Outside of Detroit and Chicago, economists are citing a second chance for new manufacturing hubs, as well as revivals of long-standing manufacturing micro economies that have slowed in recent years. Recovery persists for the U.S. job market as New York shows signs of life for manufacturing. A 2013 yearend report shows 76,300 manufacturing jobs New York City.Although this news is far from a flat line for U.S. manufacturing, analysts are reluctant to cite growth, noting that the industry isn’t growing at the rate of other New York City job sectors.
As New York City’s pulse quickens, other areas of U.S. manufacturing follow suit in this so-called walk of the dead. In addition to the stimulus funds previously promised by President Obama for Detroit and Chicago manufacturing hubs, Sen. Roy Blunt, R-Mo. started a push for a $600 million fund to help increase and support the manufacturing hubs in Missouri.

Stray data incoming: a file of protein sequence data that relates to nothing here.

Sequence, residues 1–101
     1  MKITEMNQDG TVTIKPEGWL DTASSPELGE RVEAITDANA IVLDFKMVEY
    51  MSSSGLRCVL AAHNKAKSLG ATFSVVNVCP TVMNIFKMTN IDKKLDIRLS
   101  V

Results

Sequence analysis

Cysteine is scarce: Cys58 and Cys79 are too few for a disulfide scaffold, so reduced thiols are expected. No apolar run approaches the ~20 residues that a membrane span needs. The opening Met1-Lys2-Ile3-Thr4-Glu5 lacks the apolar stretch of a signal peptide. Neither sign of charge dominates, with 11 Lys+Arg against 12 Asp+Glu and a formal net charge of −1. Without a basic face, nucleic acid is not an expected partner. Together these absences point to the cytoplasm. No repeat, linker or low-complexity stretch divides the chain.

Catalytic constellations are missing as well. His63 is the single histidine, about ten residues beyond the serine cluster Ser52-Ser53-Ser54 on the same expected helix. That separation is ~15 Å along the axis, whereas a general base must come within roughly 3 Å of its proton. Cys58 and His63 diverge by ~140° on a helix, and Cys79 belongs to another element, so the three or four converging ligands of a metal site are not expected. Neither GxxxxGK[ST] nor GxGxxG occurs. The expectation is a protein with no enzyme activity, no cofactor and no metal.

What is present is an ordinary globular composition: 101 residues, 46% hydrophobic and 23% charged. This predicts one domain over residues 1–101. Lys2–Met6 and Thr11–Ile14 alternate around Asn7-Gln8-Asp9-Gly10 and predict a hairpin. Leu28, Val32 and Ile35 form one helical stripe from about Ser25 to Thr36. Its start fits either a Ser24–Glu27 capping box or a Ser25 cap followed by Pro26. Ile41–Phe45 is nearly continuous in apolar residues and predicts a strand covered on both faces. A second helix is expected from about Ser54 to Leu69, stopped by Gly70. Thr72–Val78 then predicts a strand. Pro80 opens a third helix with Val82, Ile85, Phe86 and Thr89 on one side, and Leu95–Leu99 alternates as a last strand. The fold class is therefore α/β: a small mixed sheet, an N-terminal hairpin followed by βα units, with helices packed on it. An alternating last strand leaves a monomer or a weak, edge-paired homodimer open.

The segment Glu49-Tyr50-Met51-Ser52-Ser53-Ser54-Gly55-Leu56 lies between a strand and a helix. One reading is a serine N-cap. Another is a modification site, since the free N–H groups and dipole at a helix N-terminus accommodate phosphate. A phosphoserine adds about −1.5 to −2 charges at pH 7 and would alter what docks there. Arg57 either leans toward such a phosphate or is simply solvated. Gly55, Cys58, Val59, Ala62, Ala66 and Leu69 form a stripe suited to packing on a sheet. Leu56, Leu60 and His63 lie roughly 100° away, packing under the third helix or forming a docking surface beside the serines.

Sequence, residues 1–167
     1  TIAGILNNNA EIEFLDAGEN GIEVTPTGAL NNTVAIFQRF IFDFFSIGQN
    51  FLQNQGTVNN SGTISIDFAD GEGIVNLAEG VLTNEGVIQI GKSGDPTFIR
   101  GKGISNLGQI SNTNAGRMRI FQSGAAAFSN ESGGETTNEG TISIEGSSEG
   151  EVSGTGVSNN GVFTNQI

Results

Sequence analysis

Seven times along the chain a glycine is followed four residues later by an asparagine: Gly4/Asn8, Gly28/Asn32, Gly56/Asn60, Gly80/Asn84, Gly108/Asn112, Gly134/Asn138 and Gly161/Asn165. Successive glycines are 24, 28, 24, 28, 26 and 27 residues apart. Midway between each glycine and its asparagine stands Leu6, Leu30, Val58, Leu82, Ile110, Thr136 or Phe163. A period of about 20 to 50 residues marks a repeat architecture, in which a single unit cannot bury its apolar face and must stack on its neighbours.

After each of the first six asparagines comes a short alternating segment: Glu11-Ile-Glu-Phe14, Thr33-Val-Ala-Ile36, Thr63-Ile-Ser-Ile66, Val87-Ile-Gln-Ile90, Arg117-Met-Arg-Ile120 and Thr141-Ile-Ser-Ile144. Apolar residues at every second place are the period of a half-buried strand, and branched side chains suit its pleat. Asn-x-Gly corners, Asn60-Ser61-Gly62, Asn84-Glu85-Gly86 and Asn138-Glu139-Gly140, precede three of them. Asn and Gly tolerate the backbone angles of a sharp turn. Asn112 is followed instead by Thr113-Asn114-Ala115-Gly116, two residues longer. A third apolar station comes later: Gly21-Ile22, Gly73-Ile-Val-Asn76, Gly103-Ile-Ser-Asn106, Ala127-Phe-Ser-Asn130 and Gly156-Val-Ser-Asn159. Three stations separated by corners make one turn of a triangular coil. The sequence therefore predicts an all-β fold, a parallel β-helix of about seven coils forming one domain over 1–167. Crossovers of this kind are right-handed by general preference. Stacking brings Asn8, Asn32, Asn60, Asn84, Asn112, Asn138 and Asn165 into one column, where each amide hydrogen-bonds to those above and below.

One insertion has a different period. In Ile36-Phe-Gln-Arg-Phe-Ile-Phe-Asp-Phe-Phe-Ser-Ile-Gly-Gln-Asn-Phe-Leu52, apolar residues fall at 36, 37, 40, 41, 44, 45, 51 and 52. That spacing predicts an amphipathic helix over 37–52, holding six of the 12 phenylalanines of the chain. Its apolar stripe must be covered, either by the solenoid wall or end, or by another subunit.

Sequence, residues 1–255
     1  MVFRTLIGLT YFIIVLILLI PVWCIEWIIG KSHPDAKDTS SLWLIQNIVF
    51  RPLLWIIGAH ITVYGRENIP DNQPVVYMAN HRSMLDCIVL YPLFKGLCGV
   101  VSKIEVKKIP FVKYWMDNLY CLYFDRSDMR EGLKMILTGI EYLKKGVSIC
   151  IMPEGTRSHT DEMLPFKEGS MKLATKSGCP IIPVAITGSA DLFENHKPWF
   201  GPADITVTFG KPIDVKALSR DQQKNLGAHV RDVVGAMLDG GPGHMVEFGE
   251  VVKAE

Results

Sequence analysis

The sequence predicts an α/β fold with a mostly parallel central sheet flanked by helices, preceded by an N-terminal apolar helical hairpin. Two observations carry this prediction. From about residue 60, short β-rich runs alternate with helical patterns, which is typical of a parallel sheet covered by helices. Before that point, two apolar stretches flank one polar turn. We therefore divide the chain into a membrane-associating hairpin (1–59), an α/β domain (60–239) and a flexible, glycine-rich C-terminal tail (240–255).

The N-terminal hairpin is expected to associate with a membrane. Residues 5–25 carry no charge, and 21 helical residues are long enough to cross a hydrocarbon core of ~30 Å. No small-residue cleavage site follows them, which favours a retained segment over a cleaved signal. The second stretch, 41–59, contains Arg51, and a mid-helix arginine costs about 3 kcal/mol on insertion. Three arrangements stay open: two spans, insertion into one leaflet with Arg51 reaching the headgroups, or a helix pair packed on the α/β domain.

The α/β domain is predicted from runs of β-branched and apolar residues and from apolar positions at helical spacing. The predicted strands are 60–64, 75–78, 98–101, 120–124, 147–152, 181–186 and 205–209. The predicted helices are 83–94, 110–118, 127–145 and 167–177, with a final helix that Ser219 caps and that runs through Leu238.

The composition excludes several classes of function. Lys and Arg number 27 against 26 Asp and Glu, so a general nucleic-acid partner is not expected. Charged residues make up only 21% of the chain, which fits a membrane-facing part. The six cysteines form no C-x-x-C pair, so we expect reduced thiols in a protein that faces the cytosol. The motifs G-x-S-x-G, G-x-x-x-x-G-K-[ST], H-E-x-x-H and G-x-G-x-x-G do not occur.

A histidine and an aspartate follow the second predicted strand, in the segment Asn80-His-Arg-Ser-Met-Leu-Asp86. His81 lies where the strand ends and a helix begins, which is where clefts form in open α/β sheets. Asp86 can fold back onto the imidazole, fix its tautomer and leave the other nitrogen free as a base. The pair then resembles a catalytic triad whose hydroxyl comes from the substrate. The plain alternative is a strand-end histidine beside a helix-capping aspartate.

The senator and economists hope the funds will attract enterprises and start-ups alike. Unlike New York City, the number of Missouri manufacturing jobs has steadily declined over the last decade. Critics are reluctant to believe the new bill and subsequent fund would create enough jobs to significantly impact Missouri’s economy.
Early this month, President Obama campaigned for similar bills to be passed throughout the country. The tour coincided with his efforts to pump new blood back into the veins of U.S. transportation main lines. The race to fund U.S. manufacturing and transportation is not unfounded. Like Missouri, many states across the country experienced an economic decline with thousands of jobs lost in the manufacturing sector alone, reducing the industrial economy by one-third.
President Obama would need congress’ backing to produce the additional necessary funds for a nationwide manufacturing incentive. Detroit and Chicago stimulus impact should be a key indicator for a bipartisan push to pass similar bills in the future.